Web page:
Recruitment (or employment) agencies have become increasingly prevalent in the Arabian Peninsular over the last decade, with the relatively transient expatriate workforce proving  to be a particularly lucrative market. However, following the global economic downturn, the focus  of employers has inevitably shifted from the hiring of permanent employees, to identifying ways of  reducing labour costs and increasing efficiency.

The UAE has consequently witnessed the emergence of alternative staffing models, in particular through the establishment of “Employment Businesses”,  operating as manpower suppliers. Distinct from “Recruitment Agencies” (which are focused on the  placement of employees in permanent roles within the client’s business), Employment Businesses  employ individuals directly and sponsor them for work permit and residency purposes. The  individuals are then provided to the client on a temporary basis to support the client’s normal  workforce during times of peak demand and/or specific projects.

The launch of the Dubai Outsourcing Zone (DOZ) in 2007 has also enabled many outsourcing providers  to establish a presence within the region, viewing the UAE as an ideal off- shore location for  companies in both Europe and Asia.

The division of legal rights and obligations between the parties to these types of arrangement is  often uncertain (and contentious) and frequently leaves workers vulnerable to exploitation.  Ministerial Resolution No (1205) of 2013 concerning the licensing and regulation of private employment agencies (MR1205) aims at  regulating the sector of temporary employment.


In order to operate as an Employment Business or Recruitment Agency in the UAE, a business is  required to obtain a commercial licence which specifically authorises such activities. Such  licences must be renewed on an annual basis.

MR1205 makes it clear that licences to operate as an Employment Business or Recruitment Agency  onshore in the UAE will only be issued to businesses wholly owned by UAE Nationals. An additional requirement is that the relevant business is managed by a UAE  National, in so far as the position of General Manager must be held by a UAE National. Further, as  part of the application process, the applicant must now submit a written undertaking to the  Ministry that they will not add or dismiss partners of the business without its consent. This is  consistent with the Government’s policy on Emiratisation, which is aimed at increasing the number  of UAE national employees in both the public and private sectors.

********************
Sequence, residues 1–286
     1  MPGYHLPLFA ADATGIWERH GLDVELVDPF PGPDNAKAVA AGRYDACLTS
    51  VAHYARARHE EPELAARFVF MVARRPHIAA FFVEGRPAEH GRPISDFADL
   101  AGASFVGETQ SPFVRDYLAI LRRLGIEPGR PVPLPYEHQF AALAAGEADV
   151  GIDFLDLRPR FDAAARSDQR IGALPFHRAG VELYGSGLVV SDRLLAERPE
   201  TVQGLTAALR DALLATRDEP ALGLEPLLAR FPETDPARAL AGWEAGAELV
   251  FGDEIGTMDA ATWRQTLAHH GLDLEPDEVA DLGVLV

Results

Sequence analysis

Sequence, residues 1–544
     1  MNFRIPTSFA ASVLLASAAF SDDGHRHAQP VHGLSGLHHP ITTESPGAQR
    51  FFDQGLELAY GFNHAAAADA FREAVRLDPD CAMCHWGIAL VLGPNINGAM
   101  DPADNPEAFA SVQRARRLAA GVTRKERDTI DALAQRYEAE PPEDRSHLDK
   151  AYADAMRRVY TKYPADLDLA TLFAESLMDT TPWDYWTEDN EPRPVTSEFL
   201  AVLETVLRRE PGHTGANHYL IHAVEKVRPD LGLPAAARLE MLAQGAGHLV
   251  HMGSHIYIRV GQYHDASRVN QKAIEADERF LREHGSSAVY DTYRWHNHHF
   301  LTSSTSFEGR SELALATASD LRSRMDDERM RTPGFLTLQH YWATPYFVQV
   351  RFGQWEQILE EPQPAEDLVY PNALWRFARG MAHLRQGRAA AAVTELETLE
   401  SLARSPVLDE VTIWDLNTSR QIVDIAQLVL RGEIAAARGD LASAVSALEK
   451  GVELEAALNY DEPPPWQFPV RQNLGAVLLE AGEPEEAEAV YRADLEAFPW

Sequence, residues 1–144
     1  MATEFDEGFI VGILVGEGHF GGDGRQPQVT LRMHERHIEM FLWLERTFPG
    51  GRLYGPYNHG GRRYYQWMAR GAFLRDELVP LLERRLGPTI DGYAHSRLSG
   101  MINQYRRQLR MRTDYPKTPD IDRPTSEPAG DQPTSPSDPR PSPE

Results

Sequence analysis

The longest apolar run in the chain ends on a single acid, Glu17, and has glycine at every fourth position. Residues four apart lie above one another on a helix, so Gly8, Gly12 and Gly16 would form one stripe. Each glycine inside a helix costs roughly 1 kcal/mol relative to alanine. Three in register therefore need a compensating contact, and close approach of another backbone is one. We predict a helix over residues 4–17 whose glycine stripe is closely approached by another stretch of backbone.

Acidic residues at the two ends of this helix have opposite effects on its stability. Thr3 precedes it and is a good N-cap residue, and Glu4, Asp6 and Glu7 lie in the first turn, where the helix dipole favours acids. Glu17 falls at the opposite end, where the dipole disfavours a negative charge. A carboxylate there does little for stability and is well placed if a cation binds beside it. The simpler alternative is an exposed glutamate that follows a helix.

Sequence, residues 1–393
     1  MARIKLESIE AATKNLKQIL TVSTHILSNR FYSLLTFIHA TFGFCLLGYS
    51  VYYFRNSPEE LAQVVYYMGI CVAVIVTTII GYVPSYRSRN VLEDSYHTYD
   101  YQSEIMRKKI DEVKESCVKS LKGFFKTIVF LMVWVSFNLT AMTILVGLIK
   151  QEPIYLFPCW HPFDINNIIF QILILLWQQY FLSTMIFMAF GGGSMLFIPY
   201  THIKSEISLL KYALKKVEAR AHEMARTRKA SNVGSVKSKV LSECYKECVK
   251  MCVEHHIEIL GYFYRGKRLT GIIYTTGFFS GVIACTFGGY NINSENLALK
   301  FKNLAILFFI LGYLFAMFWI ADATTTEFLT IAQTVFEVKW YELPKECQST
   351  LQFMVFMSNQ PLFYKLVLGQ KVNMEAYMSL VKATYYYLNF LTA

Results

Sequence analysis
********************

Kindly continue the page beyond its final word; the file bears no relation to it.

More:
Currently, expatriates are able to obtain a commercial licence to run a Recruitment Agency within  one of Dubai’s Free Zones and in the Dubai International Financial Centre, the latter, which  operates independently from Federal Law, is the base for a large number of individuals working in  the professional services sector.

Under MR1205, businesses which do not hold the appropriate licences are at risk of investigation by  the authorities and the sanctions which may be imposed include imprisonment of the business’  General Manager and/or fines of up to AED 100,000.

Protection of workers

A further objective of MR1205 is to prevent malpractice within the recruitment industry and ensure  that businesses comply with their responsibilities to the workers they recruit. To safeguard  against abuses, businesses intending to operate as Recruitment Agencies onshore in the UAE are required to submit a bank guarantee of AED 300,000 in favour of the Ministry. For Employment  Businesses, the 

guarantee is increased, to a limit of AED 1 million. These guarantees must be renewed annually and may be called in by the Ministry, in whole or in part, at  any time if the Recruitment Agency or Employment Business fails to comply with its obligations.

Under MR1205, Employment Businesses are also now required to pay a deposit of AED 2,000 in respect  of  each worker brought into the UAE and to undertake all legal obligations as an employer (such as  the provision of housing and health insurance and the payment of the individuals’ salaries). MR1205  specifically provides that these deposits may then be used by the Ministry to compensate workers engaged by the Employment Business to the extent they are not provided with  their contractual entitlements.

In order to promote transparency and workers’ rights, MR1205 also includes a number of additional  prohibitions and conditions, principally on Employment Businesses, but some also apply to  Recruitment Agencies.

Outsourcing and offshoring